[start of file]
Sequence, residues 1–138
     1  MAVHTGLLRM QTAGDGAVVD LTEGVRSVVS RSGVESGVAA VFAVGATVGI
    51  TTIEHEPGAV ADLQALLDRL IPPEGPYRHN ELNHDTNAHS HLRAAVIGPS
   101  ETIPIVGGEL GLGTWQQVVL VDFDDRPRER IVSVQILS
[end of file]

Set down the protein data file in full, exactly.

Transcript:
Sequence, residues 1–138
     1  MAVHTGLLRM QTAGDGAVVD LTEGVRSVVS RSGVESGVAA VFAVGATVGI
    51  TTIEHEPGAV ADLQALLDRL IPPEGPYRHN ELNHDTNAHS HLRAAVIGPS
   101  ETIPIVGGEL GLGTWQQVVL VDFDDRPRER IVSVQILS